Combining GPX files for Strava

This morning was spent on my bike… as was a fair chunk of this afternoon… as is a fair chunk of many summer weekends, much to Mrs W’s disappointment.

My friend Andy and I put in 60 miles in the sunshine, on a big loop around Milton Keynes. It seems my route planning is pretty spot on, as it was almost the exact opposite of a charity ride going the other way around (we passed the same riders twice!). Unfortunately, my ability to “press the start button on my Garmin cycle computer” is clearly less good – I was about a mile from home and heading out of town when I realised I’d forgotten to start tracking my ride!

My OCD can’t cope with this. It would be able to cope with turning around, going back up the hill, starting the computer and starting the ride again – but not with some missing kilometres in my ride data! Luckily, Andy was also riding with a Garmin bike computer. Even though he’d also forgotten to start his, he was wearing a Garmin watch too – so I could combine his data and mine (we’d ridden side by side for the first part of the ride…).

I’ve blogged before about GPS Track Editor, which is a fantastic piece of free software. Using this, I could edit Andy’s data to just the part I had missing, then combine it with mine and merge the two tracks (the short gap doesn’t matter – Strava will straight-line the route between the two points). I also tried merging the files with a tool from – unfortunately, that ended up with a ride that was effectively double the length of what we rode (two loops). it would probably have worked with my edited files but I could also merge them in the GPS Track Editor…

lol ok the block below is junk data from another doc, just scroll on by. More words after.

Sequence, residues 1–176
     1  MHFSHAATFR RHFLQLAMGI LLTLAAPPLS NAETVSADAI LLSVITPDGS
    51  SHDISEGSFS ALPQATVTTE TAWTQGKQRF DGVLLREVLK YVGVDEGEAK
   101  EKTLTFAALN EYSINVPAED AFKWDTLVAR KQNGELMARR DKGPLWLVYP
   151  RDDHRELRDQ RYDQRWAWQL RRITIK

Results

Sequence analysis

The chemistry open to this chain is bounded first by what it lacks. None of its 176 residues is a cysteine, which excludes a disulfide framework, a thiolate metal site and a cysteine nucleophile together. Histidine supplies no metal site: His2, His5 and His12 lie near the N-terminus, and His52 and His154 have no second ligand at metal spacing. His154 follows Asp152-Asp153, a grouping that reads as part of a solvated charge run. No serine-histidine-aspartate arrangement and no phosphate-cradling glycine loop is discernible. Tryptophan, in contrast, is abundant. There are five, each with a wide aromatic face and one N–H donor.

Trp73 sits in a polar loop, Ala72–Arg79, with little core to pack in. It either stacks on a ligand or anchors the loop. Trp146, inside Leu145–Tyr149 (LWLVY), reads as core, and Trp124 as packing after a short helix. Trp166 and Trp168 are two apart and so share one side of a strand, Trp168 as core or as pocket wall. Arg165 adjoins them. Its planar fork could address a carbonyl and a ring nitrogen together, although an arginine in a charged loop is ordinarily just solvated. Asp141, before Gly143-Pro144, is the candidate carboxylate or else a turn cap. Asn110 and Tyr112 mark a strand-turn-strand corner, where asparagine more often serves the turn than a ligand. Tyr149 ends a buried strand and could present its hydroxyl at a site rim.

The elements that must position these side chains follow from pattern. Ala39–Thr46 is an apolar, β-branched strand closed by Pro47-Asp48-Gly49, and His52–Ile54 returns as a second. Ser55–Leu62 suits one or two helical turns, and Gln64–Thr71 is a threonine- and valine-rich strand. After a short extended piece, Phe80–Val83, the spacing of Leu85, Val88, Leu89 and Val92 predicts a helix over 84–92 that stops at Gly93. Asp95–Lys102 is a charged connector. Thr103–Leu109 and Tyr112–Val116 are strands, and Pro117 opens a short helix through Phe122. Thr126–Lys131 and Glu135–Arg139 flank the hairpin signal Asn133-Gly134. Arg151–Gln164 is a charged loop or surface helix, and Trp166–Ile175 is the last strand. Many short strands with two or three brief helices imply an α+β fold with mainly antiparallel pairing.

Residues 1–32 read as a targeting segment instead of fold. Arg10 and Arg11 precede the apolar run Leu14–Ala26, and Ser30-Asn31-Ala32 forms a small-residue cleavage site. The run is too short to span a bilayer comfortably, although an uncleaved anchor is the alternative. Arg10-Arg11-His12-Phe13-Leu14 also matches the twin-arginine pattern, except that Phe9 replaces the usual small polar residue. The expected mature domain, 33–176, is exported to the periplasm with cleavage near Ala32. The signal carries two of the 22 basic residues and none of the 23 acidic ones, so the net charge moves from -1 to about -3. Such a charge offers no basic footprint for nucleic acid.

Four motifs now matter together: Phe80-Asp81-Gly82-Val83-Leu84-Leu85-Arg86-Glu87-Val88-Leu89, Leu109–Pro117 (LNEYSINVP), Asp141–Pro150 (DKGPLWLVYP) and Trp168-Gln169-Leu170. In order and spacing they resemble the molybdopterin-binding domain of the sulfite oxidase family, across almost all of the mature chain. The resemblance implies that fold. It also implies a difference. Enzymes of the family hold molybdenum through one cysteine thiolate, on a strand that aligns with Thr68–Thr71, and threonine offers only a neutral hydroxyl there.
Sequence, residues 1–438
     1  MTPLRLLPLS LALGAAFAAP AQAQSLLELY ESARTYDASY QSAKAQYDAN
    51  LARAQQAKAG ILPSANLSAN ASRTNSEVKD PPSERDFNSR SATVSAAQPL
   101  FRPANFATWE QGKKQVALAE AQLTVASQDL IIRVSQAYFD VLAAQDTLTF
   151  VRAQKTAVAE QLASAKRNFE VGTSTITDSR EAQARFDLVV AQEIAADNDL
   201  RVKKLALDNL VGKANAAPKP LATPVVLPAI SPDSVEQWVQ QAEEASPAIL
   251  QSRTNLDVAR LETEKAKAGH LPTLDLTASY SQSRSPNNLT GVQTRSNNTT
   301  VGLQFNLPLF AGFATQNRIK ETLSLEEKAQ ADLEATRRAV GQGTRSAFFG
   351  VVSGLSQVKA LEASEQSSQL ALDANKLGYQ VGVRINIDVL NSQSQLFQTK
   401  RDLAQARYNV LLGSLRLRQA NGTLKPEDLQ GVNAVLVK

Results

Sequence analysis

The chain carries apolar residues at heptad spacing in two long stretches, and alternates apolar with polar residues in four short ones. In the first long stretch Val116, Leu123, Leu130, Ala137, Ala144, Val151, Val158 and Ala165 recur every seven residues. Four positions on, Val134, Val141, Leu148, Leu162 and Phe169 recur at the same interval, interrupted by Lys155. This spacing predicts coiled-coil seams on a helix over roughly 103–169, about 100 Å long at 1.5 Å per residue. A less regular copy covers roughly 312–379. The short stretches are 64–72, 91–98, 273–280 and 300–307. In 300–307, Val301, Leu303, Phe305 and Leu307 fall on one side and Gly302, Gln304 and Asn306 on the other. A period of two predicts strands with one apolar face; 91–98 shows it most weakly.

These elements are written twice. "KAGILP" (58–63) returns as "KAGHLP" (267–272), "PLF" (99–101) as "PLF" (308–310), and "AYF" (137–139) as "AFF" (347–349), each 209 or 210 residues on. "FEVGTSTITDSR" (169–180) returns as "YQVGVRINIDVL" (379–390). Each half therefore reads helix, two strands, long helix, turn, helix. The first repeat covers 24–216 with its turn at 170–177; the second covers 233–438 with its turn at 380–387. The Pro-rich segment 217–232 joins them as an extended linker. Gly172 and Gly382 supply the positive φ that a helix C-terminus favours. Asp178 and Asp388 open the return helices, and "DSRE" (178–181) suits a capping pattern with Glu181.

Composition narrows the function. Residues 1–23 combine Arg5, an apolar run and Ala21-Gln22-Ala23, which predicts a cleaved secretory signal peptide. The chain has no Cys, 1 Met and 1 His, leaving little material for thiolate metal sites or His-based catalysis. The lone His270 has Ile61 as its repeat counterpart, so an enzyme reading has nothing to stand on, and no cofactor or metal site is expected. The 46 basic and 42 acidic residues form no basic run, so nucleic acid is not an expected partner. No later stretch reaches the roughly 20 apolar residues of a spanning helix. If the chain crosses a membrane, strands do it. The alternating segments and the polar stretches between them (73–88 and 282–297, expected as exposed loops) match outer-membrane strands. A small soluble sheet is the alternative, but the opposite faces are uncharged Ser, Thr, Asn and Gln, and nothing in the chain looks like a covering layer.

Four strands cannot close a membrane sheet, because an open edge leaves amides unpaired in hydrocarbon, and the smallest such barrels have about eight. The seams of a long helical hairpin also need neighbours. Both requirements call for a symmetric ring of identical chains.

Combining tracks in GPS Track Editor

I then deleted the original (short) ride from Strava and re-uploaded. Sorted.

Just one thing to sort out – all of the PRs I got on today’s ride (and there were a few) were recorded as second places by the second upload. No worries – Strava has a “refresh my achievements” tool. which sorted out that particular issue. Now my ride has the complete distance… and my achievements are correct too…

Short takes: special cyclists’ edition

As this post goes out, my beloved Bianchi C2c Via Nirone 7 should have just emerged from the workshop after its first service.  Strava says I’ve ridden it for around 1200km and, as I rack up some miles in my training for several events this year (London-Paris in June, Wakefield to Manchester over Holme Moss in July, and the Ride London-Surrey 100 in August), it seems a good to point to take it back to Epic Cycles to give it a once over…

I’ve also got a few open tabs in my browser with cycling-related bits and pieces I mean to blog about… so here’s a special cycling-themed “short takes” blog post…

Editing GPX files

Every now and again, it’s bound to happen… you forget to stop the cycle computer/app on the smartphone and the resulting GPS eXchange format (GPX) file has a block in the middle where you were waiting for your mates to arrive/sitting in a coffee shop/whatever.  Then there are times when the GPS goes haywire and thinks you did 87.8kph down a hill, or when it just straight-lines a corner. In those instances, you might want to edit the file.

Thankfully, GPX files are not binary – they are just another XML schema – and the OpenStreetMaps Wiki has advice for editing GPX files in a text editor.  Hack around to your heart’s content, then upload to your social sharing site of choice.